[EDITOR’S NOTE: Check out Gary Drevitch’s outstanding blog post at Forbes.com inspired by this post.]
On Monday September 16, ChangingAging is supporting the 3rd annual Seattle Design Festival (#sdf13) where I’ll be moderating a panel discussion “Enlivening Design For Aging” on the role of design in enabling or compromising our ability to thrive across the lifespan.
We’re taking a big picture approach and tackling diverse design issues ranging from technology, products and services to re-imagining environments and communities for aging to re-designing the human lifespan. Our panelists include Carina Ngai of Inflection and formerly Samsung exploring different perspectives on product design; Cara Lauer of Seattle Senior Services on redesigning long lives and the challenge of thriving in the context of physical decline; and the vaunted frog Design team demonstrating new technologies and new ways of thinking about empowering aging-in
I’m excited to moderate the panel and help facilitate a provocative discussion about how design can enable or compromise our ability to thrive no matter our age or physical condition. Influencing and critiquing the design and innovation world is just as important for changing aging as going after mass media and marketing. Both are intertwined and subject to the same corrosive powers of ageism that permeate our society.
In preparation I’ve been thinking about how ageism impacts design and I came across a video in which Craig Ferguson perfectly captures my theory. In short, it’s called Why Everything Sucks:
I have to credit ChangingAging’s lead designer, Jonas LaRance, for flagging this. Jonas is one of the greatest design thinkers I know.
Ferguson deftly and succinctly skewers our culture for its obsession with youth and what I’d call inanity — stupidity in the context of being silly and irrelevant. The way our culture views and treats age is silly and irrelevant. And in turn the way we design, market and sell products and content is silly and irrelevant.
I love that Ferguson tries to put this in historical perspective — and he’s largely correct. I recently spent some time with social historian and researcher Rich Luker who confirms Madison Avenue’s corrosive legacy of ageism AND sexism. Luker traced the roots back a bit further to the aftermath of World War II. Returning soldiers taking advantage of the G.I. Bill and re-entering the market place represented a significant new consumer market. The “boys” on Madison Avenue made it a priority to market products towards the “boys” returning from war and thus was born the coveted 18-34 male demographic.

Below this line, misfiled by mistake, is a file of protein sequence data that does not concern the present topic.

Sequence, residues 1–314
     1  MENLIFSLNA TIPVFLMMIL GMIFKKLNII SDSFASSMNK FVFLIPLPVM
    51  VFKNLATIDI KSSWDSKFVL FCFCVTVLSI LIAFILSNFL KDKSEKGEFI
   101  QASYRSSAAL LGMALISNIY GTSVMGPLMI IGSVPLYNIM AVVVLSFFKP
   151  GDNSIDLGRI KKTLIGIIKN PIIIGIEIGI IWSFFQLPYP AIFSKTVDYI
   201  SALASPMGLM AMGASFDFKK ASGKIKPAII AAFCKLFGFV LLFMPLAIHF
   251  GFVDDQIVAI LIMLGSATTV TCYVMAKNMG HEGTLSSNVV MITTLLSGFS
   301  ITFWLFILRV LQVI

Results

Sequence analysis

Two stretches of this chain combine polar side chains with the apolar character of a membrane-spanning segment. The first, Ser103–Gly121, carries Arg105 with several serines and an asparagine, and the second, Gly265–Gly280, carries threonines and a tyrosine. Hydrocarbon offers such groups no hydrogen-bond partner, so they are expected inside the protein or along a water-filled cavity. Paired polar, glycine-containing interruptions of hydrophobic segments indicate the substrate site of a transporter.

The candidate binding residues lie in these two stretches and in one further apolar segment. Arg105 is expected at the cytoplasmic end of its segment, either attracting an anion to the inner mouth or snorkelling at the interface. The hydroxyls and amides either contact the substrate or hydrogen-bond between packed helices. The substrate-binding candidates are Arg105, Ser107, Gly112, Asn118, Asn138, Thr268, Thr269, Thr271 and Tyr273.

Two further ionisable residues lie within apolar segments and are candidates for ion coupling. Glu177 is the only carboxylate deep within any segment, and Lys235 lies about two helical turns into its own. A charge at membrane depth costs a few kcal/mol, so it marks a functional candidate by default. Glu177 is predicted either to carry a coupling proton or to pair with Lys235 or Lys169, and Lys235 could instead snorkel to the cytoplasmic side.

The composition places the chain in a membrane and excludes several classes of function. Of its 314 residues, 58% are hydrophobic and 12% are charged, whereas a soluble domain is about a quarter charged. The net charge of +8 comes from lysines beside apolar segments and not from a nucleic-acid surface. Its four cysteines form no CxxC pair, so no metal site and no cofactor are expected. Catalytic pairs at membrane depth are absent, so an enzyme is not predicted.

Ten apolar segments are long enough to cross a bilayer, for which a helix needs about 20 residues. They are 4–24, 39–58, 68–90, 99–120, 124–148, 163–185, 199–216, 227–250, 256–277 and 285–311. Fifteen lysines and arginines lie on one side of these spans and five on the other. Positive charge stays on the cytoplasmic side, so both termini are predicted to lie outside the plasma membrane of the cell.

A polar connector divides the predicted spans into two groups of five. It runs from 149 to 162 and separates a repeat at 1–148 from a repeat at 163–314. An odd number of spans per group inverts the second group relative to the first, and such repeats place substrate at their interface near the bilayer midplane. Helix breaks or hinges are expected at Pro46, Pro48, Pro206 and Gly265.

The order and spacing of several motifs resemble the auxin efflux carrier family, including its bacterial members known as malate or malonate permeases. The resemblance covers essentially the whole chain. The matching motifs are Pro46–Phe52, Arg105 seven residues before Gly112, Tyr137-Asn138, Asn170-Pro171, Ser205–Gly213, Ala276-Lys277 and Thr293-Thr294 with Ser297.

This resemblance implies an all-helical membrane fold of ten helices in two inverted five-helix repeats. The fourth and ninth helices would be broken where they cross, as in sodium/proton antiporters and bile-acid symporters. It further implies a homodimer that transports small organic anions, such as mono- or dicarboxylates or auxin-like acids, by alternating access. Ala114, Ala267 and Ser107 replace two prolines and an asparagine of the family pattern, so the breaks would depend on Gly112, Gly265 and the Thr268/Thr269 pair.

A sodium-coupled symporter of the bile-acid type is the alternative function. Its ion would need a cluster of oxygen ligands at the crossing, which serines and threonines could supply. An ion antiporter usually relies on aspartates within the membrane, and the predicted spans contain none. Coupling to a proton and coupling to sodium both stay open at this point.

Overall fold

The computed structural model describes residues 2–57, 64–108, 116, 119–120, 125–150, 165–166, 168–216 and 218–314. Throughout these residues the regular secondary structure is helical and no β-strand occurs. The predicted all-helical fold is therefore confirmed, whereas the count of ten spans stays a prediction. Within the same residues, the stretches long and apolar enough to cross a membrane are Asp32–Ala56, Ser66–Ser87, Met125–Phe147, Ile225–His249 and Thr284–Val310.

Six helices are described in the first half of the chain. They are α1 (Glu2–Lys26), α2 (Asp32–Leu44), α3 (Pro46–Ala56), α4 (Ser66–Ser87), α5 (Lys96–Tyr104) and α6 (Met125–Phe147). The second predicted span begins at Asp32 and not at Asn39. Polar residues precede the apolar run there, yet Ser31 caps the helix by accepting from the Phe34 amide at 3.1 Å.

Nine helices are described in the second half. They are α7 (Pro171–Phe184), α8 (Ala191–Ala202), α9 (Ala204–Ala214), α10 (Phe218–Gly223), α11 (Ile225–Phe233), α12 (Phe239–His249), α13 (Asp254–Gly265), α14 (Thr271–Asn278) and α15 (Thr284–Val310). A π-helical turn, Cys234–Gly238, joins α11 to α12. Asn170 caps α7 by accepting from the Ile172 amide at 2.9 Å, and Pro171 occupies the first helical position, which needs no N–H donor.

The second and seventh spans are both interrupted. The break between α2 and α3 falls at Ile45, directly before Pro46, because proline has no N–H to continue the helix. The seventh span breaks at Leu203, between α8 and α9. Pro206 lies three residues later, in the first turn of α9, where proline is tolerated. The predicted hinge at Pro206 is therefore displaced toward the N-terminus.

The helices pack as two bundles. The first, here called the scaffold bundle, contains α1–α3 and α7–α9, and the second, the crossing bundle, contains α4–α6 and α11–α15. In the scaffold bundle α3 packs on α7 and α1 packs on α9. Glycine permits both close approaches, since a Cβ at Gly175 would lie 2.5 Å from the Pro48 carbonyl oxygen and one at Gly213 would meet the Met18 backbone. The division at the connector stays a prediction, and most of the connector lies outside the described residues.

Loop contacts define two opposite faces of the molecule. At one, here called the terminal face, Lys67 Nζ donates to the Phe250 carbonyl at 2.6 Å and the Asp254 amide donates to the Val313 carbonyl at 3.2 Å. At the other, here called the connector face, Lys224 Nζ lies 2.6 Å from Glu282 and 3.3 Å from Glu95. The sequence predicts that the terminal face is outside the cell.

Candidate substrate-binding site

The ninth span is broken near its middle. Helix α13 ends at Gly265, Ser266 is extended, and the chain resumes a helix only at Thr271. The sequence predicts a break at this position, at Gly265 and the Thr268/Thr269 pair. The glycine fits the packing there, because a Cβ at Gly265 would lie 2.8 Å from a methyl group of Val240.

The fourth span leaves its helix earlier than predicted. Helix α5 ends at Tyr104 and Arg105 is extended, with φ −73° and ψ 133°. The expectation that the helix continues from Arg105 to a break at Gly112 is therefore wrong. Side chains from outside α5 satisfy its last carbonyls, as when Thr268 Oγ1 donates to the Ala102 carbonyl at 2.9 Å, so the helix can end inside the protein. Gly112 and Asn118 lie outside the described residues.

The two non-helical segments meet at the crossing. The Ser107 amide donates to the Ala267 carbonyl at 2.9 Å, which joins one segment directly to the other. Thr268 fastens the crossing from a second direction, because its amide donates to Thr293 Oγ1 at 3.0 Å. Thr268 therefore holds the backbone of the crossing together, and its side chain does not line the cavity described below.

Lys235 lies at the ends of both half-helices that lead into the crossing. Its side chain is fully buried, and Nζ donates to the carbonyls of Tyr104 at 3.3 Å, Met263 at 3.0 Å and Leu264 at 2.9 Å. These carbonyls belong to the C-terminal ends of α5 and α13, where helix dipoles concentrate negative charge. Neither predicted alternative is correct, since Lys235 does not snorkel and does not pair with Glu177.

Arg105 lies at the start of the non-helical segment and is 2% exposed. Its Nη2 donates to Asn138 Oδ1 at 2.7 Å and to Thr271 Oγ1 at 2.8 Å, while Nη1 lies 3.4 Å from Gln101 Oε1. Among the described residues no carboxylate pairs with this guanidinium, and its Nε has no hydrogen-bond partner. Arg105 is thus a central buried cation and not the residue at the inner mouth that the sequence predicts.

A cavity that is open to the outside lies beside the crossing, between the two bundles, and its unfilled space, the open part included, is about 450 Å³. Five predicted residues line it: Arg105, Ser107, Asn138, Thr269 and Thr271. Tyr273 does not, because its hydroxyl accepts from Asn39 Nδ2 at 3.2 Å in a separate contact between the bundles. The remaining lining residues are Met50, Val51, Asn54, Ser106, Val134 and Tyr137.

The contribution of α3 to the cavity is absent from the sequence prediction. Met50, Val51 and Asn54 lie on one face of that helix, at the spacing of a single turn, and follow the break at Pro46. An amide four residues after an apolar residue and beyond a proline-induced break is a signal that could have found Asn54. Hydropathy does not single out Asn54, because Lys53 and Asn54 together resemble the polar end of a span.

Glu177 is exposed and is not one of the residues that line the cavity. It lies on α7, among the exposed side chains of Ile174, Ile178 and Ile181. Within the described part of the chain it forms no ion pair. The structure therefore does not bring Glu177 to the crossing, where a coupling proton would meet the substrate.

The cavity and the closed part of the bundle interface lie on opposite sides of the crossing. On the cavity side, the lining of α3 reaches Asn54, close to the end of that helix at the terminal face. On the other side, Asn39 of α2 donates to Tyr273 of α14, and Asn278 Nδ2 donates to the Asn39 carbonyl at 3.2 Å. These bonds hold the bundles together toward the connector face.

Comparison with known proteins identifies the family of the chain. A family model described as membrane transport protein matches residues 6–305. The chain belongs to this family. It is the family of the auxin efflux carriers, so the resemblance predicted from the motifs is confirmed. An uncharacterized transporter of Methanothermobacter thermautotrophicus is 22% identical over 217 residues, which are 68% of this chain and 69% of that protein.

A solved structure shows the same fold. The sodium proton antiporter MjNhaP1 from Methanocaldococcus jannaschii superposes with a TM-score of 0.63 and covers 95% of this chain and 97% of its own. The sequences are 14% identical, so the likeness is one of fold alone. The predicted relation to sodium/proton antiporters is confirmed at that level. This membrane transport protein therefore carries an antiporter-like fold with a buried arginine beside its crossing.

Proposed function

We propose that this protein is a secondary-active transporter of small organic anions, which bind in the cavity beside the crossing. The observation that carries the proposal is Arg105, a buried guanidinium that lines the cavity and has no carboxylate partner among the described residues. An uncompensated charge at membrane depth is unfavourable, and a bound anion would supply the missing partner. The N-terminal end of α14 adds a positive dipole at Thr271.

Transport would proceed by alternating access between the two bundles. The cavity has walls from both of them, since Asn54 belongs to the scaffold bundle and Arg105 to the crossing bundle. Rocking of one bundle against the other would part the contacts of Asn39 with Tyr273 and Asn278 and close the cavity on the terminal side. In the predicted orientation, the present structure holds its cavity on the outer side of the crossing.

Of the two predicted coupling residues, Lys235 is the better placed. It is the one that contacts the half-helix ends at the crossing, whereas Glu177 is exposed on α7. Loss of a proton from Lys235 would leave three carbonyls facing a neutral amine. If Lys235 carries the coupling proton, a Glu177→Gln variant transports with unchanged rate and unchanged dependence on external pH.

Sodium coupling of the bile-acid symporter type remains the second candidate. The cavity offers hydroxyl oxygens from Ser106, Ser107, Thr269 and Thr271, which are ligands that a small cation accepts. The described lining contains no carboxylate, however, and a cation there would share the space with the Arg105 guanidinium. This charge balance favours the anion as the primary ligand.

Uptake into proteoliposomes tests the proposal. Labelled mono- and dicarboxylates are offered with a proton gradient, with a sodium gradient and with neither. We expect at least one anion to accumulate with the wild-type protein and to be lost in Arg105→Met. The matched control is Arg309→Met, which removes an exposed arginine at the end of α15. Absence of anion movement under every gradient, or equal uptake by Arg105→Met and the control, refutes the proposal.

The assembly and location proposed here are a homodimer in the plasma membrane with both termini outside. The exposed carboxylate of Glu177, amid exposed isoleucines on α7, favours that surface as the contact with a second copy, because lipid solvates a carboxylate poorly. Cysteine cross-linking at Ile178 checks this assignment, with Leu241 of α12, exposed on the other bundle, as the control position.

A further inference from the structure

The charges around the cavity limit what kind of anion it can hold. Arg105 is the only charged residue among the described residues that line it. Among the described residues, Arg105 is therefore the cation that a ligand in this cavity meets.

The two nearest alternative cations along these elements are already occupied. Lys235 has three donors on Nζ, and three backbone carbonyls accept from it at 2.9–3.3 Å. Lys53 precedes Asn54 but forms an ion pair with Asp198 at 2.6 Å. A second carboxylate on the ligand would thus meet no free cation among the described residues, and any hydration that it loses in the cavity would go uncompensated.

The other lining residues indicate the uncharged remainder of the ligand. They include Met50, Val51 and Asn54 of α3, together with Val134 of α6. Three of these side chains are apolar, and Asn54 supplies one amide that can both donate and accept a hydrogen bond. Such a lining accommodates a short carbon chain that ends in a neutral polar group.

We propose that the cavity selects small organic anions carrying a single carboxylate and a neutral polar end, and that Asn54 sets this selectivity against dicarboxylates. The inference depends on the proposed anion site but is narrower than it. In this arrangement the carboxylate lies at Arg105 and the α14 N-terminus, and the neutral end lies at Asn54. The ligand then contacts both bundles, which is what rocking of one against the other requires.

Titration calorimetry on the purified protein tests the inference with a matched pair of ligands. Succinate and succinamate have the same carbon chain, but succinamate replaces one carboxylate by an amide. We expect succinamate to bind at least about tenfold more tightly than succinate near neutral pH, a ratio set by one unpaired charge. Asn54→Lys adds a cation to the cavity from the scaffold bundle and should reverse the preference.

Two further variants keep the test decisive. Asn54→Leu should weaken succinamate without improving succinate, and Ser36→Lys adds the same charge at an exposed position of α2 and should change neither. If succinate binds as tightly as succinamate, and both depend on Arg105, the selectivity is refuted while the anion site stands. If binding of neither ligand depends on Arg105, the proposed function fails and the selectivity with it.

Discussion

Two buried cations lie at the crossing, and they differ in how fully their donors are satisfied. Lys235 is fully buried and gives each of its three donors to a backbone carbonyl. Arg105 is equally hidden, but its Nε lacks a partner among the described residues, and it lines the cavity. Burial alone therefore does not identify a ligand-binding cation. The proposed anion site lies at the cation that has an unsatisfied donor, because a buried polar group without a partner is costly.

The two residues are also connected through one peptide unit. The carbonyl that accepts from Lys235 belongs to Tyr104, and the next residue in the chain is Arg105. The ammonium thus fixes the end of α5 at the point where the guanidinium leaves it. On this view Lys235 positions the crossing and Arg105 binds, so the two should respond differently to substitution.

Here we are, nearly 70 years later and guess what — the “boys” still dominate all industries and for some INANE reason they are still obsessed with selling products to other “boys”. Young men age 18-34 remain the most coveted demographic despite these facts:
- Women beat men age 18-34 in technology adoption and purchasing power
- Woman make up 75 percent of primary shoppers for their households
- Fleishman-Hillard Inc. estimates that women will control two-thirds of the consumer wealth in the U.S. over the next decade
And most irrefutable is the fact that older Americans have vastly more purchasing power than the young:
Older adults are rapidly becoming the largest market segment in society and will possess the most purchasing power of any demographic, according to a task force at the International Longevity Center in New York.
Here is the key point and why this is relevant in a discussion about enlivening design for aging. When the marketplace is obsessed with youth and is heavily biased towards men’s tastes, (nearly) Everything Sucks (to some degree). Popular culture, mass media, products, services, the environments we live in and our quality of life all suffer when ageism and sexism permeate our culture.
That’s my theory on Why Everything Sucks (thank you Craig Ferguson for articulating is so well). What do you think?
Next I want to talk about how to fix it. I’ve spent a lot of time as editor of ChangingAging fielding pitches for new products and services in the aging sector. I’ve developed some theories on why most products “designed for seniors” also suck. It’s closely related to the central theory of Why Everything Sucks in general, but I need to flesh it out some more. Stay tuned.